Continued Experimentation

The next phase of experimentation to see if I can figure out my accuracy issue involved eliminating the bipod as a means of support.  Before testing that I shot 3 rounds as before to warm the barrel.

1.37”.  The first 2 rounds went into the bull.  I started thinking I had inadvertently cracked the secret code.  Shot 3 kept me from getting too big a head.

Next followed the experimental group titled “bag instead of bipod”.  I still used a rear bag as support.  The front bag support did not appear as steady as a bipod.  I had to work to keep the crosshairs centered on the bull.  This is what happens when you forget to bring stuff to the range.  It was better than the time I forgot to bring any ammo at all and had to drive all the way home and back.

2- 1point24 inches

This is the best group so far, 0.17” smaller than the control group.  Not significant, especially for the sample size (what are ya gonna do?  Ammo is scarce.)  I’m tempted to try a steadier non-bipod rest and repeat.

I scheduled 2 experimental groups for the day, for a total of 13 rounds.  The second group, continuing with the non-bipod shooting, was prone with the sling.  I wasn’t feeling it, but shot the group.  I had made a minor sling adjustment and it was too tight.  The group was poor.


One week earlier, I had shot another 5 round prone group at the same range at precisely the same distance.  That group did not follow the exact testing protocol, and was done under time stress.  I did not have the luxury of worrying about the niceties of my position and did not notice any discomfort.

1.34”.  Better than I had thought just by looking at it.  0.07” better than the control group, although I probably shouldn’t count it.

To be continued…

4 thoughts on “Continued Experimentation

  1. Hello Slinger,
    I am reading Rifle Accuracy Facts by Harold R. Vaughn. One of the areas he explores that affects accuracy is the method of screwing the barrel into the receiver. He suggests that this can result in the occasional “flyer”. Without going into detail are you sure your barrel is screwed on tight.

    On a side note Colorado Pete’s book arrived today courtesy of Amazon. I will add it to the pile of books I am reading by Aagard, Ruark, Wieland and Boddington. All big game related stuff at the moment.

    Now all I have to do is grow a handlebar moustache.


    • ” Without going into detail are you sure your barrel is screwed on tight?”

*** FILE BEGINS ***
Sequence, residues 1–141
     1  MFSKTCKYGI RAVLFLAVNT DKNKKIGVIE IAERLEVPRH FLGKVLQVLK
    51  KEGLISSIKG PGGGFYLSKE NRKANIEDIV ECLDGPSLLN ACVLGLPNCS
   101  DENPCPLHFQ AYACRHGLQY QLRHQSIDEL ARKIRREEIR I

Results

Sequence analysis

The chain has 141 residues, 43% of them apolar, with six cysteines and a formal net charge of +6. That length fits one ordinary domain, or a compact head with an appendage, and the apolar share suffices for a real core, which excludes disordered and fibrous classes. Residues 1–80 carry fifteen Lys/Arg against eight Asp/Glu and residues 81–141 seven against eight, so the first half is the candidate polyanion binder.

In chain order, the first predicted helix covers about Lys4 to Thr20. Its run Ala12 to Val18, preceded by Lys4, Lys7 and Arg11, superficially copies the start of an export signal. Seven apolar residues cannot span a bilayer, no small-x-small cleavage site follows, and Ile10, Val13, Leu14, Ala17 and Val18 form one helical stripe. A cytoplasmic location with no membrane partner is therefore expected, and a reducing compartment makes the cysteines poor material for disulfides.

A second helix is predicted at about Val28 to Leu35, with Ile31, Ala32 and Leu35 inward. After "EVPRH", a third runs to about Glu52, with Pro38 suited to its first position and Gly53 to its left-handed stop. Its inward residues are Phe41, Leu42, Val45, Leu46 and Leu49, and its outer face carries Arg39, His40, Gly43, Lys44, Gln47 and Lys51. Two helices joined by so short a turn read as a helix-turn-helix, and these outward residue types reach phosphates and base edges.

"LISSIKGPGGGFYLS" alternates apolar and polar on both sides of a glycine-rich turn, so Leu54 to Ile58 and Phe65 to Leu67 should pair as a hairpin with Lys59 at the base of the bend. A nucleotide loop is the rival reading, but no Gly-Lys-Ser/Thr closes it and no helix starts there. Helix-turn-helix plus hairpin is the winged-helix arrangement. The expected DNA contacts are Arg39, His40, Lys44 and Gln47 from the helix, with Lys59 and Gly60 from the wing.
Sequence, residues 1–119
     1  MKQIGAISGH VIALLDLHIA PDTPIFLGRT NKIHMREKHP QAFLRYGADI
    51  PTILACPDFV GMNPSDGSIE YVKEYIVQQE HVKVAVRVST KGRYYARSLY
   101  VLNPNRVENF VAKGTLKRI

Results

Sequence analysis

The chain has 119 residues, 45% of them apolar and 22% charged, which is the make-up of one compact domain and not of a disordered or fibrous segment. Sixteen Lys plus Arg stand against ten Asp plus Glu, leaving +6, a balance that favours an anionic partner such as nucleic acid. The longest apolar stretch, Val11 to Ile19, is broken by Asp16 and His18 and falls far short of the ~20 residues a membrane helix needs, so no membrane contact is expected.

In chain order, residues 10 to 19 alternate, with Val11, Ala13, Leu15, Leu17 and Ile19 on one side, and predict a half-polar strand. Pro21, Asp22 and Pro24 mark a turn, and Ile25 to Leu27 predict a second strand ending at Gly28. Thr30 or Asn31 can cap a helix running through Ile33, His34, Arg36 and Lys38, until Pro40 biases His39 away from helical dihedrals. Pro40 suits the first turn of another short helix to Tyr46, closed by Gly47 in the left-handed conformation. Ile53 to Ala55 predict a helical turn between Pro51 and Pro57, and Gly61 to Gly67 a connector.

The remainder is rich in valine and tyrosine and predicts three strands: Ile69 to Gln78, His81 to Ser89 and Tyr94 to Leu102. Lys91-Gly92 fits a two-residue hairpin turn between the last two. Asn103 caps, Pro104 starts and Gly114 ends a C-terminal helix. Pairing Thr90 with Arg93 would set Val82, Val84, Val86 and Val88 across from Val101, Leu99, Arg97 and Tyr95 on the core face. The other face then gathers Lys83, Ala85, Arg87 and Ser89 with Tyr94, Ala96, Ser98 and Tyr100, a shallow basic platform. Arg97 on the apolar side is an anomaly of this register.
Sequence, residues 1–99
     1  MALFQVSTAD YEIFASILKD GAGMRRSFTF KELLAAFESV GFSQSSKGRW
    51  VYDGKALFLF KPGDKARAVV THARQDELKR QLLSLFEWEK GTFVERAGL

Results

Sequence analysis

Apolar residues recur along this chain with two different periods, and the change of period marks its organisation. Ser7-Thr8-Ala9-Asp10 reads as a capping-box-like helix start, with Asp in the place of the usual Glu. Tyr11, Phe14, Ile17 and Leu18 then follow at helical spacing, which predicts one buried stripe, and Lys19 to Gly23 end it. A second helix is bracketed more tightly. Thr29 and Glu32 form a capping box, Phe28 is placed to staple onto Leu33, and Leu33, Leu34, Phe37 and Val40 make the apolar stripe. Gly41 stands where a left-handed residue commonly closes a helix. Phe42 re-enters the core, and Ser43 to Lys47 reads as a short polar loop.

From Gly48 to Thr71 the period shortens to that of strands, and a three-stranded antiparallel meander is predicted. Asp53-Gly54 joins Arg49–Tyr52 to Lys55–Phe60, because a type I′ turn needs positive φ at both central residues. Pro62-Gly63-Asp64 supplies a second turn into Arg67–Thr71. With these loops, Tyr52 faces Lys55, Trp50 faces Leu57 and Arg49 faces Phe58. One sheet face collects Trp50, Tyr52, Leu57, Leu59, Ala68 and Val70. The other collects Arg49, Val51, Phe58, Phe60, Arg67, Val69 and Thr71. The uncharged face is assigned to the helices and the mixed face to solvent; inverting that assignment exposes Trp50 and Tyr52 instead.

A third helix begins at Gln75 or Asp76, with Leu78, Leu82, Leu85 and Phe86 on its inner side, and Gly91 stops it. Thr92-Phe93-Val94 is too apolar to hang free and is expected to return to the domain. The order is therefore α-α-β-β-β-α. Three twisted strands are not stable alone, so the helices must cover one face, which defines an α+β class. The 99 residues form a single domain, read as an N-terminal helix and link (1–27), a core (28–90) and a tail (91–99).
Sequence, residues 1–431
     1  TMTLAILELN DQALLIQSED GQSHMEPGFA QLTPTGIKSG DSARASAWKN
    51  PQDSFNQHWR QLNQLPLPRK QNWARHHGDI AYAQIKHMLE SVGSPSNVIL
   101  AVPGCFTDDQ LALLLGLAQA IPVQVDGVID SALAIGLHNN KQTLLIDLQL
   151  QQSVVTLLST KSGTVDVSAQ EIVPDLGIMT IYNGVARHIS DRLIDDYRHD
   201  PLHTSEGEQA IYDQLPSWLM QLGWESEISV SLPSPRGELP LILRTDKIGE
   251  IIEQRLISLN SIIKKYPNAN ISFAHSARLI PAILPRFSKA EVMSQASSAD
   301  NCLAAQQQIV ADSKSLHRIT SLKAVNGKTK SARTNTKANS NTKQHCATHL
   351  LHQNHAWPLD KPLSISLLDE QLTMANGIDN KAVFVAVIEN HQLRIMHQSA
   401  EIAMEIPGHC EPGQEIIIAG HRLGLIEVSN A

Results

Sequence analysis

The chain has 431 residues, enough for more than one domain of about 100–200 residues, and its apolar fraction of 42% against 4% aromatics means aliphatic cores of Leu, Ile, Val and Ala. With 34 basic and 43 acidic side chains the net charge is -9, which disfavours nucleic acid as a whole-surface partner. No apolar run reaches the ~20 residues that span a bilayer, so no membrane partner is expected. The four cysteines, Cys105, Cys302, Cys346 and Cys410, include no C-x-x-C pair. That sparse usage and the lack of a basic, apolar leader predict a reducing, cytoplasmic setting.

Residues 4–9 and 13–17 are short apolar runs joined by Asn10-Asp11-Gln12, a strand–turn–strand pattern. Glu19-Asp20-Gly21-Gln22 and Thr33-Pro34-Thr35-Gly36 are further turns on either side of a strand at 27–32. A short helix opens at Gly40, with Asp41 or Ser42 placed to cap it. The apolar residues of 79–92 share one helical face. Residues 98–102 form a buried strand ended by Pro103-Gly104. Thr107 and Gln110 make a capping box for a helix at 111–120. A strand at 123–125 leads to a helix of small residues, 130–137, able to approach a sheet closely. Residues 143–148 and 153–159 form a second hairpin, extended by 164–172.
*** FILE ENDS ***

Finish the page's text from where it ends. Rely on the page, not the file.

Is that a euphemism for the state of my mental health?

      I’m not sure how tight it’s screwed on. I don’t think there’s anything I can do about the current barrel because the extractor cut has to index on the extractor. I read that book too. I wasn’t quite sure what to make of it, but it really put a lot of doubt about the simplicity of getting a rifle to just shoot well.

      I’m going to shoot a few competitions in May, then I will see what I think I need to do as far as replacing the stock and the barrel.

      If you grow that handlebar mustache you’ll have to write your own book.

    • Scott, two things:

      First, I’d consider it a favor if you posted a review of my book on Amazon, warts & all (warts to be corrected in any second edition).

      Second, add Peter Capstick, Jack O’Connor, and Jeff Cooper to your reading list (if you haven’t already).

  2. Slinger,

    Of all of the people that have an internet persona you appear to have your barrel screwed on tight. So much so that I would venture the suggestion that you re-name your blog from the Art of the Rifle to The Way of the Rifle as you appear to be quite holistic in your approach.

    Good luck with your up-coming competition. May I suggest less concern about the result and continued diligent application. I believe that it is what you are trying to be rather that what you are trying to print on paper that matters the most.

    Thanks for “getting” the handlebar moustache reference.


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